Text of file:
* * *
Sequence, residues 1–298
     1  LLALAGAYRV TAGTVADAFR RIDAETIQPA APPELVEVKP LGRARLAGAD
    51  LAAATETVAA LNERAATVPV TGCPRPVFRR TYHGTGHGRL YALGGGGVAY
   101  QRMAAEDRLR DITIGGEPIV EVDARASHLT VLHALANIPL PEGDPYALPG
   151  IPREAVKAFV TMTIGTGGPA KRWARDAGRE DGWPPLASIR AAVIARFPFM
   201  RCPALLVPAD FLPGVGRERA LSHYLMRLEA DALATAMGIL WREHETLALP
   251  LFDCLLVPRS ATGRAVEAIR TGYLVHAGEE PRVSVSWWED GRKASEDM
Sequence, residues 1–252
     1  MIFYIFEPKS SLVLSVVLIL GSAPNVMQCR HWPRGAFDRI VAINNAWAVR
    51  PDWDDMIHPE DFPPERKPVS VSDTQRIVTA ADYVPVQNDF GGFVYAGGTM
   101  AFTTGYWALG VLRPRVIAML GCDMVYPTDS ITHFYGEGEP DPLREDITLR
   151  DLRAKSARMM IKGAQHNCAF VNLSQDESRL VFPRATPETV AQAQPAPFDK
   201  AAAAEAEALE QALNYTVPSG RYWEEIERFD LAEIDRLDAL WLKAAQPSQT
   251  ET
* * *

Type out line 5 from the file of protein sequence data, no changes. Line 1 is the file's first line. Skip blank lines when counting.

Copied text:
   151  IPREAVKAFV TMTIGTGGPA KRWARDAGRE DGWPPLASIR AAVIARFPFM